The Left, “Right,” and middle muse; our education system needs reform. We must Save Our Schools.  The questions are how, which schools; charter, private or public institutions and why?  These queries lead to further reflection.  What might be preserved, reserved, reformed or left for ruin?  Would it be better to transform an arrangement that many agree fails our young?  The answers spur people to act.  It seems with little forethought, the process has already begun.  Indeed, change commenced decades ago.  

Headlines herald the news. Jonathan Mahler wrote in The Deadlocked Debate Over Education Reform. “The modern school-reform movement sprang to life in 1983, with the release of “A Nation at Risk,” an education report commissioned by the Reagan administration that boldly stated…that the United States had embarked upon a “unilateral educational disarmament…The Clinton administration’s emphasis on national standards… President George W. Bush’s declaiming of “the soft bigotry of low expectations”… ”

For some, the history is nothing in comparison to what we witness daily.  Children are being left behind.  The past was but prologue. It is now our present.  Education observer Mahler continues. “On to the current generation of reformers, with their embrace of charter schools and their attacks on the teachers union. The policies and rhetoric changed, often dramatically, but the underlying assumption remained the same: Our nation’s schools are in dire need of systemic reform.”  The debate as to how, why, when and where has become less about the little ones and more about rhetoric.  Messages are “framed” to ensure that a political agenda is maximized.

Today. Public Education has all but Perished.

The Frame; Change arrived in the form of “No Child Left Behind.” This law caused our children to languish further.  The One-Size-Fits-All tools adopted fit very few.  The state and the nation are pursuing policies that have not closed the achievement gap and have aggravated the situation for many students.  “Indeed, No Child Left Behind’s ‘get-tough’ approach to accountability has led to more students being left even further behind, thus feeding the dropout crisis and the School-to-Prison Pipeline.” ~ Bob Valiant. Kennewick School District. Education Matters. March 19, 2011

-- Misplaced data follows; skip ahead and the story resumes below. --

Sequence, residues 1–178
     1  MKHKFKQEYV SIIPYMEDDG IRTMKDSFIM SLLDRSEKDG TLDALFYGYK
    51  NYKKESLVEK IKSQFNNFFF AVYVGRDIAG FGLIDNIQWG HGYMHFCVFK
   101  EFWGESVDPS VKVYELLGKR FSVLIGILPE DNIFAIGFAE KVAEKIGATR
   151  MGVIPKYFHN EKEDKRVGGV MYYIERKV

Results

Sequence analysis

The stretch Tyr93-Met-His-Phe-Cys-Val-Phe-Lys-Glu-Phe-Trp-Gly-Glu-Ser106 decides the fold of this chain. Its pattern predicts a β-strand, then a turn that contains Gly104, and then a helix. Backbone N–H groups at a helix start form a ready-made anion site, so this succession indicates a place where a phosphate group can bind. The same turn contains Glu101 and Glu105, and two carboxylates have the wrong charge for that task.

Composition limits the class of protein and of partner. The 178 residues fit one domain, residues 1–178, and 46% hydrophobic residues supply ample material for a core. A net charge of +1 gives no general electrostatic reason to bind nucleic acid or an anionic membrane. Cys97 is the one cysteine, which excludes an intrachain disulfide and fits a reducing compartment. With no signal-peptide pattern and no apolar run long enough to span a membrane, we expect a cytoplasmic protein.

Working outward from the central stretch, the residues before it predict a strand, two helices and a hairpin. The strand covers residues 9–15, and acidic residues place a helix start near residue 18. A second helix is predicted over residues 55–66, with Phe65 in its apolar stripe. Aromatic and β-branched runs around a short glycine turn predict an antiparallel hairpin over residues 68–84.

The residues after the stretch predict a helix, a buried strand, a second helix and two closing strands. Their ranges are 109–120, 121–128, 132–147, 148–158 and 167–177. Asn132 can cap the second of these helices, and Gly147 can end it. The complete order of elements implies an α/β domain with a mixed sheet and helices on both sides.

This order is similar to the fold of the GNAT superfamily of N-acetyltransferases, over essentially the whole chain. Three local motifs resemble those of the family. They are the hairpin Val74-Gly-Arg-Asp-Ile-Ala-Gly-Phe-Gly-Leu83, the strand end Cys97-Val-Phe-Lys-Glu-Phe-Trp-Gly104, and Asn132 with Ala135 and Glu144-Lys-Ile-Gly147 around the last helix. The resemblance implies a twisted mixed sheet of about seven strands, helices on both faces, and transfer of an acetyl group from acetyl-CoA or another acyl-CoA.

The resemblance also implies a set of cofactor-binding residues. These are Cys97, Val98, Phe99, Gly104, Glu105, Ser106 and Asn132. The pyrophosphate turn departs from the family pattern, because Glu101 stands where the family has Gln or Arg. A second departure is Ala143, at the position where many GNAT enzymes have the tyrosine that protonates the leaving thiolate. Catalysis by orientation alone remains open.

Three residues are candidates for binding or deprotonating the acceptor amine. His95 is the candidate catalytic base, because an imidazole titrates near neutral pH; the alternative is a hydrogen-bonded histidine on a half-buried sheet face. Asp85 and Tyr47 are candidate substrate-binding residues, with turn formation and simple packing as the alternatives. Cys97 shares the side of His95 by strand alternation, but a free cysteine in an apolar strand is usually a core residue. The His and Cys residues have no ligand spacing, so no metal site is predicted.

Political postures are effective, that is, for all but the young and their Moms, Dads, Grandparents and Guardians. These elders see the pain on their little loved ones faces.

Students Struggle to Survive…

Curriculums have been cut to the core.  Classes canceled. Test scores and statistics govern what occurs. “Thousands of schools across the nation are responding to the reading and math testing requirements laid out in No Child Left Behind, President Bush’s signature education law, by reducing class time spent on other subjects and, for some low-proficiency students, eliminating it.”  School Districts confronted with possible punishment, or the promise of financial rewards, dependent on student test scores, thought it wise to remove coursework that did not pertain to the subjects tested.  

Reading and math became the sole priorities. All other topics in a school’s curriculum, with the exception of Science, at minimum, were reduced in scope.  Some disciplines, such as the Arts, Social Science, and Literature were as the children, left further behind to the point of being lost.  For persons who care about our progeny, this point alone became the raison d’être for a Save Our Schools March, a Rally, a Conference, and a mass Movement.  The populace observed Students Stifled Will Not Sing or Soar. The pain became more and more palpable.

Students Stifled Will Not Sing or Soar.

Critical Thought, Creativity, and Curiosity are now null and void in our schools.  Public and private institutions wane.  Rather than a shared success among all students, today we have winners and losers.  Parents work to see that their children achieve.  The less financially fortunate will wait in enrollment lines for hours in hopes that by lottery, their young ones will triumph.